Also, it almost always works best to run identical cabs if you are going to run two cabs. Different cabs respond differently. There is a lot of physics involved. It might not hurt to read the "sticky" thread here in Amps.
  9. Plucky The Bassist

    Plucky The Bassist ZOMG! I'm back from the dead! Supporting Member

    Jul 30, 2010
    Houston, TX
    If you were pumping in some snappy, trebly highs and wanted to make sure they got projected out, then yeah a tweeter might be a useful thing (think Marcus Miller slap tone). If you use distortion or fuzz, you might like the cab better without the horn. Some people dig it with a picked tone, but like someone already said, one of the most famous cabs of all time (ampeg 8x10) has NO tweeter/horn at all and you can get a nice bright tone from it too. If you like your Peavey, just get another one and rock on!! :bassist:
  10. StephenR


    May 21, 2009
    SF Bay Area
    I generally turn off the tweeter...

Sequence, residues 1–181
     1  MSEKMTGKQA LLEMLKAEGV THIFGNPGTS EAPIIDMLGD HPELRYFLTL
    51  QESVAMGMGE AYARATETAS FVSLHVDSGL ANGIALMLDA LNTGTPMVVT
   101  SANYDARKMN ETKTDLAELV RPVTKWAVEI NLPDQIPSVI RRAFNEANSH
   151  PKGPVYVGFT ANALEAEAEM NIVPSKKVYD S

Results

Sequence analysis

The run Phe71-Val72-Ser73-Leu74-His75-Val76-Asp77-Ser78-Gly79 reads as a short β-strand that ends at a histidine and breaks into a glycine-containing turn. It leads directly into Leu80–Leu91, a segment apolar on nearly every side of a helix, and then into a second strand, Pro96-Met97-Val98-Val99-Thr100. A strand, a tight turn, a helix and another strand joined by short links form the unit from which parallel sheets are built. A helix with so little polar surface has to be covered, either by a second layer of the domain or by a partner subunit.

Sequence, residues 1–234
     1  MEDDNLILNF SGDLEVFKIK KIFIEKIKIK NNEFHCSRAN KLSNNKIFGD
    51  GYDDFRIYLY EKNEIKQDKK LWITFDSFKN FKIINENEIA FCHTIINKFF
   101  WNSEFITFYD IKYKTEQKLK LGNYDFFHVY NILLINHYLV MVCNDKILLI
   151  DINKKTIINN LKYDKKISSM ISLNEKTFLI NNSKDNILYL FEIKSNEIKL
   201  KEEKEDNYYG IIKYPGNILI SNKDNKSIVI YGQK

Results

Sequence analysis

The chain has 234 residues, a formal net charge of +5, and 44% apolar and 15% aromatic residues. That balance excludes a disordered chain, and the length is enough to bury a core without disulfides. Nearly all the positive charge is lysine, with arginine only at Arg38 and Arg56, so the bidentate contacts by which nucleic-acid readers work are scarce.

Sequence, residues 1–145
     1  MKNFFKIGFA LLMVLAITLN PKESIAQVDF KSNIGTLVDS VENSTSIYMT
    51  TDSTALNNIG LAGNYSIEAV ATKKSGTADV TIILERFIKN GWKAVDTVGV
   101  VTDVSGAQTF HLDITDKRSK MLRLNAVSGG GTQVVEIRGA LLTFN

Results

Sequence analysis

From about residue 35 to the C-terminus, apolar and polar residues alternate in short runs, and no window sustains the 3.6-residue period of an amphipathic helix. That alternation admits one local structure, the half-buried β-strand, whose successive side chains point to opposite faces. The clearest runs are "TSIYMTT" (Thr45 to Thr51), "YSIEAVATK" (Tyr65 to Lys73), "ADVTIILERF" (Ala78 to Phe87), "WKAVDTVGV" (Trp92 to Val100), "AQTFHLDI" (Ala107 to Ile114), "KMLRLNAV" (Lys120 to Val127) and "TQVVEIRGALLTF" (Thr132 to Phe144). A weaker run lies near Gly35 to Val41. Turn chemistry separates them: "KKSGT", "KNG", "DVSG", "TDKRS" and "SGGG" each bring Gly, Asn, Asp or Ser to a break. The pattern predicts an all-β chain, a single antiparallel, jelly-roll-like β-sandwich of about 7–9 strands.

11. chadds


    Mar 18, 2000
    The 8x10's popularity is because of its sound. That sound is not favored in every form of electric music nor is the 8x10 used by even a majority of bassists. Hence the proliferation of other cabs including the 4x10 with horn.

    To the OP, the quality of horns & crossovers differs between manufacturers. Some sound smooth while as stated above some sound quite harsh. There is a cab, the SWR Goliath that in it's versions 1-3 could sound overly bright. Dialing the tweeter to barely on and the cab was warm and full range.

    Some cabs don't sound like a hornless cab with the horn off. The crossover seems to be pulling highs or the cab design or woofer choice doesn't promote the necessary highs.

    That barely on setting can give definition to notes even in a flatwound setting.
    Some manufacturers use a cone tweeter for highs that can provide a more natural extension of the highs that's not metallic. (Not to be confused with "good for metal".) ;)
  12. tjh

    tjh Supporting Member

    Mar 22, 2006
    ok, I stand corrected ... by all the snake eyes

    ...there are many different types of tweeters ... however, any of the above tweeters coupled to a flared (horn) structure are usually what we find in bass cabinet applications, which is what we are referrencing here ... better? :)

    BTW, you forgot to bold the usually in your quote ...